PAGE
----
3 out of 4 stars
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Who Told You That You Were Naked? A Refreshing Reexamination of the Garden of Eden by William E. Combs is an interesting and in-depth look at Adam and Eve. The book captures their circumstances, and the consequences of their action; not only for them but for their sons and for humankind. The author then examines faith, redemption and the walk of a Christian including the opposition of the adversary.
This book contains ten chapters, each filled with scripture, insights from the author, personal stories and study questions for discussion. The author’s perspective on this well-known story provides much to think about. The book also clearly provides the plan of salvation and discusses Little faith, Real faith, Sinners, Good people and society’s mindset that salvation is not needed.
What I liked about the book is how Combs explained why God put the tree in the middle of the Garden. He could have just as easily not put that temptation in the way. Also, Adam and Eve could have chosen not to eat the forbidden fruit, but God allowed them to choose which path to follow. The one of obedience or the one of sin. Choosing to disobey God created all kinds of feelings that Adam and Eve had never dealt with before such as shame, fear, self-awareness of being naked and the knowledge of good and evil. I believe that God would have preferred to spare them from these feelings, but it was their choice. For me personally, this highlighted the fact that God allowed them to exercise their free-will.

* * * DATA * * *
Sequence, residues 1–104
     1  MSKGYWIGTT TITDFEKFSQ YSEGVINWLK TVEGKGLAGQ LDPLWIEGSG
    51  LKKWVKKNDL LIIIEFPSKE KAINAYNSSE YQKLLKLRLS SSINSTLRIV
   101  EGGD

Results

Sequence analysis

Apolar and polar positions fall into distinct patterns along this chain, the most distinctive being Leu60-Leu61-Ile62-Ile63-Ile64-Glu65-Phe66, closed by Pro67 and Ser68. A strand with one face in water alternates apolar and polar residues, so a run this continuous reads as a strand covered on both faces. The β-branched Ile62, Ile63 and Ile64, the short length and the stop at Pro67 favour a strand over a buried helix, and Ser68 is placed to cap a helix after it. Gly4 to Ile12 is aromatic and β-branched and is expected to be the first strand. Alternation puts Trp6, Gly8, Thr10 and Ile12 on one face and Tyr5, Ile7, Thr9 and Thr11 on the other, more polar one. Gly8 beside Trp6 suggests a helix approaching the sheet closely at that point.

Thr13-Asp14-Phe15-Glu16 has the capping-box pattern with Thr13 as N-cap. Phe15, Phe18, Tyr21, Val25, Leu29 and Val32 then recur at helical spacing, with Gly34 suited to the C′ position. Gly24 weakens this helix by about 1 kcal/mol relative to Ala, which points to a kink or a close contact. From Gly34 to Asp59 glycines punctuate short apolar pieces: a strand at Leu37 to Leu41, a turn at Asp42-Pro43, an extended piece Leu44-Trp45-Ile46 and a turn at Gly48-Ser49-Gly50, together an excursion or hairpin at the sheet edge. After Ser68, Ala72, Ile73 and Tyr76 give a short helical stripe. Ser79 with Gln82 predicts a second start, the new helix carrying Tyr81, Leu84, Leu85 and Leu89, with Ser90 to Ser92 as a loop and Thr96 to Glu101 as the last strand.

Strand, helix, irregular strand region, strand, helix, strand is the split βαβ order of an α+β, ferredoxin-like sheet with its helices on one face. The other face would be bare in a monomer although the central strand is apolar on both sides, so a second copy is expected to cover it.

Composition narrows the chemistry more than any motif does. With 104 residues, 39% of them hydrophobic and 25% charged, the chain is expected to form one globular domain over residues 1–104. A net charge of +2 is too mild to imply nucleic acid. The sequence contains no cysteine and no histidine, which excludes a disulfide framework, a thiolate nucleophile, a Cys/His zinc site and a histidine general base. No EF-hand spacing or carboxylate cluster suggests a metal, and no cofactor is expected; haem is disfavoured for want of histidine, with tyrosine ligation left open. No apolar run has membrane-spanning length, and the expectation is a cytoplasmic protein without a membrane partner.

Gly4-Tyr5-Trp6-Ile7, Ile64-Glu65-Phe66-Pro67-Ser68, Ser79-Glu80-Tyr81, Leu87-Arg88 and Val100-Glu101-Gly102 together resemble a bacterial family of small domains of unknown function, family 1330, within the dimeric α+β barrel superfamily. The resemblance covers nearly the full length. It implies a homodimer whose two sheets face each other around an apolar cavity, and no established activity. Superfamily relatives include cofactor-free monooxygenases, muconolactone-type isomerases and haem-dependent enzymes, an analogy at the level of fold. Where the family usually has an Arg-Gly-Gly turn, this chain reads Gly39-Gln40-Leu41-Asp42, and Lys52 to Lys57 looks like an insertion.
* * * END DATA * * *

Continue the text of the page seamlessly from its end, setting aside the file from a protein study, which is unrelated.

As a result, the author inspired me to take the lessons offered in this book seriously by being cautious in making crucial decisions that could have grave consequences. It might sound easy, but I know it will be quite an uphill task.
What I disliked about the book is the author’s inclination to speculate. He makes some presumptions in some parts of the book about the biblical content, which are instances of unadulterated conjecture. Most theories he presents in the book are impressive and convincing; however, there are other theories with little or no substantiation from the Bible to help us truly believe them. One thing that I found strange about the book is the fact that the font changed a couple of times throughout the book. The writing within this book is quite good and free of any major errors, but the font issue certainly isn’t enough to deter me from rating this book 3 out of 4 stars.
This book has a lot of wisdom; therefore, I recommend it to all readers looking for a sound Christian faith book. It would also be appropriate for Bible study groups or individuals who want to deepen their understanding of God. As an experienced Christian, this book reminded me that Jesus and His sacrifice is the reason why we have complete forgiveness.
Who Told You That You Were Naked?
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